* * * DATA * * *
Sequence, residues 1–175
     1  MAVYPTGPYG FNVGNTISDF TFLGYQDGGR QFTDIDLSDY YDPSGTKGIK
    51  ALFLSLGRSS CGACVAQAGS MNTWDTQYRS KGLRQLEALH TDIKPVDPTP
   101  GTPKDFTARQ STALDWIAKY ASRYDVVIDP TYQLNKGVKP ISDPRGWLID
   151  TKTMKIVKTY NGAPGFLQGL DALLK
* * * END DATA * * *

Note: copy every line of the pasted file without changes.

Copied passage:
Sequence, residues 1–175
     1  MAVYPTGPYG FNVGNTISDF TFLGYQDGGR QFTDIDLSDY YDPSGTKGIK
    51  ALFLSLGRSS CGACVAQAGS MNTWDTQYRS KGLRQLEALH TDIKPVDPTP
   101  GTPKDFTARQ STALDWIAKY ASRYDVVIDP TYQLNKGVKP ISDPRGWLID
   151  TKTMKIVKTY NGAPGFLQGL DALLK